The highest medal in the U.S. is the Medal of Honor, an acknowledgement for courage and gallantry in battle. This value, courage, is respected and revered as one of the greatest qualities a person can have. But courage is not reserved to those who bravely put themselves in the line of fire. Courage is not the sole province of those who give their lives in the defense of others. There are acts of courage, great and small, that every person has the ability to achieve. They are found in the daily choices we are faced with, and our resoluteness when dealing with our fears.

Courage cannot exist where there is no fear. The quality of courage comes from overcoming fear, having the moral and mental fortitude to feel fear and, through self-control and resolve, push through the fear to accomplish the task. Cowardice, not fear, is the opposite of courage. It is giving in to the fear. Cowardice is choosing to do what is easy over what is right.

What may be most misunderstood about courage is that it is a quality built up over time, not something that magically comes to us in times of need. Like muscles, it must be exercised daily to prevent atrophy. To think that, in the words of Tim O’Brien, “if the stakes ever became high enough—if the evil were evil enough, if the good were good enough—I would simply tap a secret reservoir of courage that had been accumulating inside me over the years,” is a commonly held delusion. This thought only provides comfort, “it dispense[s] with all those bothersome little acts of daily courage.”

Certainly, our courage is tested every day. The most basic form of courage is the courage to face reality and be honest with yourself. Life does not go as planned. Sometimes we work jobs that do not satisfy us, stay in empty relationships and make ourselves subservient to the whims of fate. This is because we are afraid of the alternative. How will I support myself? What if I end up alone? What if something bad happens?

At times like this, we all too often let our fears decide our lives for us. We lack the courage to direct our own course. Complacency becomes the hiding place of cowardice until we cannot even acknowledge that we are unhappy. Even if you think that you cannot change your position, you must first acknowledge that you are not where you want to be. You must face your fear of the negative emotions that are buried underneath the surface. You must then acknowledge your fear of change. The thing that keeps you in a dead end job is your fear of the alternatives. Fear is emotional, and based entirely in perception. There is nothing scary inherent in darkness, only our relationship to it makes us afraid.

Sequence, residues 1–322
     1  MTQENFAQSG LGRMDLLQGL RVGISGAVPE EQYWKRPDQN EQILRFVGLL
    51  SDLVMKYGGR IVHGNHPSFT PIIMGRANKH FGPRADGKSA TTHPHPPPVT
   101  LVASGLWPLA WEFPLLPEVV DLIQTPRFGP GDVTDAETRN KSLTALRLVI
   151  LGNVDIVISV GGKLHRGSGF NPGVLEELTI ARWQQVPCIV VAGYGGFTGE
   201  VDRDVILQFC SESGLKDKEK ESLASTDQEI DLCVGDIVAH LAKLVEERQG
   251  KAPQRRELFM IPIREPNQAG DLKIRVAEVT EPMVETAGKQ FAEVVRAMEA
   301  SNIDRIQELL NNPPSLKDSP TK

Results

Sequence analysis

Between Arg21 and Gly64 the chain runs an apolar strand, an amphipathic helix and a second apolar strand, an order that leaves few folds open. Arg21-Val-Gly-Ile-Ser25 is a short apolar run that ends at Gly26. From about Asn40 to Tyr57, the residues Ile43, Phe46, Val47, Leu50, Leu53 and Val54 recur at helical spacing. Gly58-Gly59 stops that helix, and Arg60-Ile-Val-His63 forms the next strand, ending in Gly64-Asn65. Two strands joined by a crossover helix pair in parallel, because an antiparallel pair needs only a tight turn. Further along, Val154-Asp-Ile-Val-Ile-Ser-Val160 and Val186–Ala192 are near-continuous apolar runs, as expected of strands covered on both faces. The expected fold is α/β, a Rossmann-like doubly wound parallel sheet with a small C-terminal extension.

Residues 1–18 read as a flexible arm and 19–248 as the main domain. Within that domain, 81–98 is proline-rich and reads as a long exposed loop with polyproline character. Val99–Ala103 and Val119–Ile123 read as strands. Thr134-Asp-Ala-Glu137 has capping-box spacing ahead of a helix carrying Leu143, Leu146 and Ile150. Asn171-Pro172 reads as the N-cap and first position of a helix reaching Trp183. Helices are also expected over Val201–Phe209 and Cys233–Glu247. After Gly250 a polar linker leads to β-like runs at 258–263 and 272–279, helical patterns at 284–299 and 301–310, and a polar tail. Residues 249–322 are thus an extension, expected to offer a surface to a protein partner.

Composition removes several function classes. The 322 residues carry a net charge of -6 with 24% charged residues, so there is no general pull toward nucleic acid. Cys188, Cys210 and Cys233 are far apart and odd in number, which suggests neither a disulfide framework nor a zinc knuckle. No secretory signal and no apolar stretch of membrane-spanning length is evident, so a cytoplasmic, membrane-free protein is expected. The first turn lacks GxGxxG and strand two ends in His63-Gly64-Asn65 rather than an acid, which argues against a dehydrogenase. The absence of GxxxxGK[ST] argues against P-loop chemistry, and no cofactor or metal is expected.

That is not to say there are no justified fears. Fear is a survival instinct. We fear lightning because it can kill us. We fear starting our own business because it may fail. We fear talking in front of groups because we may embarrass ourselves and loose social standing. We fear speaking the truth because it may not be received well.

However, even when you look at all the worst case scenarios, the alternative of living in fear is worse. When you allow fear to rule your life, you give up your free will and right to self-determination.  You give up your freedom. Even if your fears are correct, even if you try and fail, you still have the freedom to try. That is your choice, and its value is far greater than any material failure that could occur. Once you find your courage to try, you will find that your fears seemed much larger than they really were.

At the end of the day, the only person who you can truly prove your worth to is yourself. If you know that you chose a hard path because it led where you want to go, you have already accomplished the most important task. Having the courage to be honest to yourself can never lead to failure, because in doing so, you have already won.

Additional Resources

Steve Pavlina, The Courage to Live Consciously:

Congressional Medal of Honor Society:

The New York Times, Courage and Cowardice:

Rielle Miller, Moral Courage: Definition and Development:

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